The Association of American Railroads (AAR) has reported that total U.S. rail traffic for June 2017 was 2,179,551 carloads and intermodal units, up 4.5 percent or 94,599 carloads and intermodal units compared with June 2016.
In June 2017, U.S. carload originations totaled 1,065,976, an increase of 4.4 percent, or 45,174 carloads, compared to June of last year. Excluding coal, carloads for the month were up 0.7 percent or 4,841 carloads compared to June 2016. Excluding coal and grain, carloads were up 0.6 percent or 3,668 carloads for the month.
U.S. railroads also originated 1,113,575 containers and trailers in June 2017, up 4.6 percent or 49,425 units from the same month last year.
In June, eight of the 20 commodity categories tracked by the AAR each month saw increases compared with June 2016. Commodities showing the largest increases included coal, up 13.2 percent, or 40,333 carloads; crushed stone, gravel, and sand, up 18.5 percent, or 16,747 carloads; and chemicals, up 4.1 percent, or 4,888 carloads.
Petroleum and petroleum products showed the largest decrease in the commodity groups, with a drop of 15.2 percent, or 6,724 carloads, and motor vehicles and parts declined 9.5 percent, or 7,168 carloads. Metallic ores were down by 7.7 percent or 2,025 carloads.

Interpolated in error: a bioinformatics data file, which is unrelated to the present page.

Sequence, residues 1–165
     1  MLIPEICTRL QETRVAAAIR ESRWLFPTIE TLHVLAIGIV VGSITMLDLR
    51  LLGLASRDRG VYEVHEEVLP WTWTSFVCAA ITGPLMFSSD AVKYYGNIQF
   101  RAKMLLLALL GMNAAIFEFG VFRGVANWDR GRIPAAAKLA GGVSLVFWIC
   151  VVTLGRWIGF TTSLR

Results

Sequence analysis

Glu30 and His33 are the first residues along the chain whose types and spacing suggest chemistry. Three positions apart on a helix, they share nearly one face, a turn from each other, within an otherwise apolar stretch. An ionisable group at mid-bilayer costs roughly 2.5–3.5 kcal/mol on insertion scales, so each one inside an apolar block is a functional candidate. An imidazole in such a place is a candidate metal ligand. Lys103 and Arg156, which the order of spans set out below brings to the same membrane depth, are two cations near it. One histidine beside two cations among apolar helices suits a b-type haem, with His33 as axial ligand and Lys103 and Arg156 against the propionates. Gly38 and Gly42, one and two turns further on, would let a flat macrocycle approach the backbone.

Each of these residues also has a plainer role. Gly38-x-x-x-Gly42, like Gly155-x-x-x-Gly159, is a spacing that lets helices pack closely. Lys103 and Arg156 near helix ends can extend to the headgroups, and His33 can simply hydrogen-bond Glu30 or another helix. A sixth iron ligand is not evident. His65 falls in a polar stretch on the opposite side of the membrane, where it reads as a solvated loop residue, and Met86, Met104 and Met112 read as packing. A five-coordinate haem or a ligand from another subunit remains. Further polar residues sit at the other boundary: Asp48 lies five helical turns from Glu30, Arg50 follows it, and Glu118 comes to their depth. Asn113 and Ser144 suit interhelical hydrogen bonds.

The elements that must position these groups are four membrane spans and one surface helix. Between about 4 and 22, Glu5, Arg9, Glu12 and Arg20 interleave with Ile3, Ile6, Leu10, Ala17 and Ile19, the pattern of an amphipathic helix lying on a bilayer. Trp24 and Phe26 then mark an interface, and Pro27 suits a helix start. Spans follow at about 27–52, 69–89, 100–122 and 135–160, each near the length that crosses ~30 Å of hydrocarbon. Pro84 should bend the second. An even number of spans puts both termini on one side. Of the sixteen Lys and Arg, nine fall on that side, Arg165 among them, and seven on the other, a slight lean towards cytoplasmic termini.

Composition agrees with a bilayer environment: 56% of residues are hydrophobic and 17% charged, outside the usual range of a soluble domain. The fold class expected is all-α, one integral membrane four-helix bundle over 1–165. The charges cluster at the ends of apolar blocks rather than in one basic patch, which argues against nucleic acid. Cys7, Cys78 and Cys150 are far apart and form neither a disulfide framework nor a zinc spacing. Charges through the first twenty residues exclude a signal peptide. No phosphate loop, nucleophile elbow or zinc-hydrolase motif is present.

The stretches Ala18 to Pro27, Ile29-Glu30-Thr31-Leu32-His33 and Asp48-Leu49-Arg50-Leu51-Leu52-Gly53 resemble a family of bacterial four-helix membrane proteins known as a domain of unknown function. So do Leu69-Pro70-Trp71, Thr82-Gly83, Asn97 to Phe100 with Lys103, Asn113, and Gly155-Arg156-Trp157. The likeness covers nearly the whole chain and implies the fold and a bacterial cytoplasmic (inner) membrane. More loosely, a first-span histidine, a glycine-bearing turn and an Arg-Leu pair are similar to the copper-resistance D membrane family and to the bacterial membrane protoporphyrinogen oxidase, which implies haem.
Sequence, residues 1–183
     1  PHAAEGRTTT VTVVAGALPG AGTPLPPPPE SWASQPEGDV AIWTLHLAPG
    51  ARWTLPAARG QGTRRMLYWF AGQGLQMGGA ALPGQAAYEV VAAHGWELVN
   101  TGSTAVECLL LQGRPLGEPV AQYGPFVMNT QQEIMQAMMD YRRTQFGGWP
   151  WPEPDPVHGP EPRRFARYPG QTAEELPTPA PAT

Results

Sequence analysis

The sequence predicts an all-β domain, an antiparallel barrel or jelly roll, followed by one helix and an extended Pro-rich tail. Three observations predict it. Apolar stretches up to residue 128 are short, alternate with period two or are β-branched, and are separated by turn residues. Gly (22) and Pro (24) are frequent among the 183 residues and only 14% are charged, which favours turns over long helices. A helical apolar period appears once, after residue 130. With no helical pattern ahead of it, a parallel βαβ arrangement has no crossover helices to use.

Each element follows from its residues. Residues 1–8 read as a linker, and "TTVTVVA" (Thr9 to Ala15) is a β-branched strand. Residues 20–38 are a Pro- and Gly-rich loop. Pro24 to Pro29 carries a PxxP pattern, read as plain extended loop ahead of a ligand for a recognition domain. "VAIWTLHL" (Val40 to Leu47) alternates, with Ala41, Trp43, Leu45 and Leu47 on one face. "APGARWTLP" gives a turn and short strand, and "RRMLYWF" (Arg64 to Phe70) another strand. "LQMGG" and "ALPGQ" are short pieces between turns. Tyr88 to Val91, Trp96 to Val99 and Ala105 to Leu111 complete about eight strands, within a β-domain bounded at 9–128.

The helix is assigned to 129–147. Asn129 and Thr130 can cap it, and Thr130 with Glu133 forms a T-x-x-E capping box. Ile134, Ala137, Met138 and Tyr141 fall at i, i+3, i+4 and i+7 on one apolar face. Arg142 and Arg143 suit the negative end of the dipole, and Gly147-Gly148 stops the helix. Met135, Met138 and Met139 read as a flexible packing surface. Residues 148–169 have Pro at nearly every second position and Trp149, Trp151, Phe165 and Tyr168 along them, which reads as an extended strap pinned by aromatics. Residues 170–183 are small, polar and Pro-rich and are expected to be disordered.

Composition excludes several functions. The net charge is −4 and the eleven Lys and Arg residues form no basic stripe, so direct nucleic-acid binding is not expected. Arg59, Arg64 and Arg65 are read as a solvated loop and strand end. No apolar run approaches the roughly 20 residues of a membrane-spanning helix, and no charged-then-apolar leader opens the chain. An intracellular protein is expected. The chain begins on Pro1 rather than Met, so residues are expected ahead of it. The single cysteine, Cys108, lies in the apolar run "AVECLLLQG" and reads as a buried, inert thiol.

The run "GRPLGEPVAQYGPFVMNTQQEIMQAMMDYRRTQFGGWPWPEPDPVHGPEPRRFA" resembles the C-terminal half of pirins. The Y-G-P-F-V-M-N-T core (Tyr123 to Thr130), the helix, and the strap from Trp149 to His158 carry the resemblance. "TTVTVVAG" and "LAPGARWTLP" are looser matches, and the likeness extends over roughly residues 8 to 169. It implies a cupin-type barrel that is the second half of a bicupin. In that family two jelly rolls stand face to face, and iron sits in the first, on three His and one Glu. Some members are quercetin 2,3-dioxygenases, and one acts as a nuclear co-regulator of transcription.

“Rail traffic indicators of the economy remain mixed. While some commodity groups, such as intermodal, chemicals, and crushed stone and sand (driven heavily by frac sand) set new all-time first half records and a few others like grain and coke set post-recession records, several other traffic categories continue to struggle,” remarked AAR Senior Vice President of Policy and Economics John T. Gray. “All of this indicates an industrial economy that may not yet have a clear direction forward and one that continues to undergo structural change. It is a sign of the reality railroads constantly face: changing markets that are difficult to foresee and plan for.”
For the week ending July 1, 2017, an increase of 3.2 percent was reported in total U.S. rail traffic compared with the same week in 2016. Carloads and intermodal units totaled 546,361.
For the week, there were 270,353 carloads, an increase of 2.3 percent compared with the same week in 2016, while U.S. weekly intermodal volume was 276,008 containers and trailers, up 4 percent compared to 2016.